Sky Pirates (B+W, 1938, George Pal)
This super rare gem is also making its Oddball debut. The Puppetoons take to the skies when a marauding band of air pirates begin dropping bombs.  An air battle ensues and the military must make the skies safe again.  Quirky and visually stunning, this short features Pal's hand-carved wooden puppets and some great aerial imagery and sight gags.  Made for Horlicks malted milk in Britain.

Vicious Cycles (Color, 1967, Chuck Menville and Len Janson)
In the 1960s two friends, Charles David “Chuck” Menville and Len Janson revived the then-dead art of stop motion pixilation animation. Pixilation, the animation of living beings, and object animation, was nothing new to film, but Menville and Janson took the process to a whole new level both technically and creatively.  Vicious Cyclesfeatures a gang of hard-core bikers intimidating a prissy motor scooter club. The wildly inventive use of stop motion techniques-- use of human body as vehicles(!) make this eye-popping short a sensation.

Dinosaur! (Color, 1987, Will Vinton)
Another Oddball Premiere! A classroom goes claymation crazy when Will "California Raisins" takes on the terrible lizards to hilarious and imaginative effect.  Dinosaurs don tuxedos, munch on tasty treats and their heads morph into cats in this off the wall (and rails) take on prehistory.  Creator of the California Raisins and innovator of the term and process of claymation and an Academy Award winning animator, Vinton's boundless creativity and humor make for some of the most entertaining shorts in animation history.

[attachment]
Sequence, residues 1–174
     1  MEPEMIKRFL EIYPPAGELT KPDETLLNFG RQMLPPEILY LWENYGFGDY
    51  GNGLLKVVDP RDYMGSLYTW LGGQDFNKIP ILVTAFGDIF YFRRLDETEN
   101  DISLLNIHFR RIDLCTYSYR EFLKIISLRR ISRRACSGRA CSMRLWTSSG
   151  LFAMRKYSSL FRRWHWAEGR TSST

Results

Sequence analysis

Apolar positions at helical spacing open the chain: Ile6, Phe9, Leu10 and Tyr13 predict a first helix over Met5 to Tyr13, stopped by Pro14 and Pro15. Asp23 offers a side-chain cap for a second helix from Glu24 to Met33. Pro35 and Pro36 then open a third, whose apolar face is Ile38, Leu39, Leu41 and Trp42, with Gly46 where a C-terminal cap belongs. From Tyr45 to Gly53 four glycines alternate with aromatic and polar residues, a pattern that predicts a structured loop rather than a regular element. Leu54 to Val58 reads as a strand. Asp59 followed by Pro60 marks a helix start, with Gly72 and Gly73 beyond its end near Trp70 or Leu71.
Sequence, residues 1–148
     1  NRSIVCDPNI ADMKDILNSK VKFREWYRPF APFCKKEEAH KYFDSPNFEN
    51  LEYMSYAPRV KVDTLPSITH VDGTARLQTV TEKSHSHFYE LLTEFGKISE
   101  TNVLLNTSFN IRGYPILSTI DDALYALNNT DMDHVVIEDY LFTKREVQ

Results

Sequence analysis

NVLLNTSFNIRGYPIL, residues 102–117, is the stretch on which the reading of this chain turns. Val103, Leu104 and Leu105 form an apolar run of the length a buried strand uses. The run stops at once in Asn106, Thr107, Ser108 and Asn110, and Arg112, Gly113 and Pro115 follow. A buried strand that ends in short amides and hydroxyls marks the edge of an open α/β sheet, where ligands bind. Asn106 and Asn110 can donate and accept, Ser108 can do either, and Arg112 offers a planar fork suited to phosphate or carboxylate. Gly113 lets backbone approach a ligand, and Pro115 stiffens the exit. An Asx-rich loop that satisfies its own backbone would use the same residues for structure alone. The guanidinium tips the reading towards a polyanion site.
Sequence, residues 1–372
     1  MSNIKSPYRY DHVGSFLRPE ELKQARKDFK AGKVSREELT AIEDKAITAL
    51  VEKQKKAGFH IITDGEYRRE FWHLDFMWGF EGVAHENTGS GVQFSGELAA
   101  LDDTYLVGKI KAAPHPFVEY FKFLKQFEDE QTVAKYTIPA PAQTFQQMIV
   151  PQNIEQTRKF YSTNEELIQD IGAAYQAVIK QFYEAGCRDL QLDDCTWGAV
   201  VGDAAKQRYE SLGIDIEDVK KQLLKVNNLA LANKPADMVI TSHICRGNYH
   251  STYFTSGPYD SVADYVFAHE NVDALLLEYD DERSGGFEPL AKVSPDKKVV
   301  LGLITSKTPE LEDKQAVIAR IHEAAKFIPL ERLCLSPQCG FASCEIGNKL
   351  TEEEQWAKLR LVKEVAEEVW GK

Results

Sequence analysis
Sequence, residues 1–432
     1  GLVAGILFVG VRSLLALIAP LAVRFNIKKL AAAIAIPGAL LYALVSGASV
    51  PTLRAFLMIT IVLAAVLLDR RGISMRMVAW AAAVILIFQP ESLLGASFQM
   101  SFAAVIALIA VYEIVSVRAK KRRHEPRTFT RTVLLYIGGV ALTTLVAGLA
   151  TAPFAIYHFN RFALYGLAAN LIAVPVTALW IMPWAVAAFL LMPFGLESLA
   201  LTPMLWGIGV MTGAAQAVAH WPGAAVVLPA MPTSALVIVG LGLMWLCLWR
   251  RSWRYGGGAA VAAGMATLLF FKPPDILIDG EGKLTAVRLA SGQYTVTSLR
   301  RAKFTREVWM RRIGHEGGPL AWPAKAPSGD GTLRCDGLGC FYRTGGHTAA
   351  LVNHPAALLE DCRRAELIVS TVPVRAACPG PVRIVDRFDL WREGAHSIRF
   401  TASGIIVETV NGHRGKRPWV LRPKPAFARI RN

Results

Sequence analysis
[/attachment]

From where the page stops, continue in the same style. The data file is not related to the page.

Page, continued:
Revenge of the Kinetograph Cameraman (The Cameraman’s Revenge) (1912, B+W, hand tinted, Ladislas Starévich) 
Wildly inventive landmark of early cinema and stop motion animation, insects star in this Kafkaesque love triangle.  Polish director Ladislas Starévich, working in Russia, started out as an entomologist when he tried to replicate a bug battle he had witnessed. His experiment was so successful and satisfying that he continued with animation.  

The Rutabaga Rag from Symposium on Popular Songs (Color, 1962, Les Clark, excerpt) 
Special cartoon featurette made by D*sney features songs written by the Sherman Brothers with music arrangements by Tutti Camarata. Ludwig Von Drake invites the audience into his mansion where he tells all about popular music through the years, introducing several songs illustrated with great stop-motion animation. Nominated for an Academy Award as Best Cartoon Short Subject.
Imagination Film  (1977, Color)
Soviet Cute-ness!  An impossibly darling little girl and her carousel-lion playfriend join forces to chase the winter blahs. Rendered in the sweetest stop-motion you'll ever see, this atmospheric exploration of childhood daydreaming will haunt your Christmas!
The Rolling Rice Ball (1965, Color, Gakken Films)
Singing and dancing mice! Itty-bitty treasures! Mochi pounding! What more could you want from a stop-motion folktale? When a gentle woodcutter shares his humble lunch with a mouse colony, their magical world opens to him. Boy, do those mice know how to party! Will the good times be undone by a greedy hunter? A classic from Japan.

Curator’s Biography
Kat Shuchter is a graduate of UC Berkeley in Film Studies. She is a filmmaker, artist and esoteric film hoarder.  She has helped program shows at the PFA, The Nuart and Cinefamily at the Silent Movie Theater and was crowned “Found Footage Queen” of Los Angeles, 2009.

About Oddball Films
Oddball films is the film component of Oddball Film+Video, a stock footage company providing offbeat and unusual film footage for feature films like Milk, documentaries like The Summer of Love, television programs like Mythbusters, clips for Boing Boing and web projects around the world.
Our films are almost exclusively drawn from our collection of over 50,000 16mm prints of animation, commercials, educational films, feature films, movie trailers, medical, industrial military, news out-takes and every genre in between. We’re actively working to present rarely screened genres of cinema as well as avant-garde and ethno-cultural documentaries, which expand the boundaries of cinema. Oddball Films is the largest film archive in Northern California and one of the most unusual private collections in the US. We invite you to join us in our weekly offerings of offbeat cinema.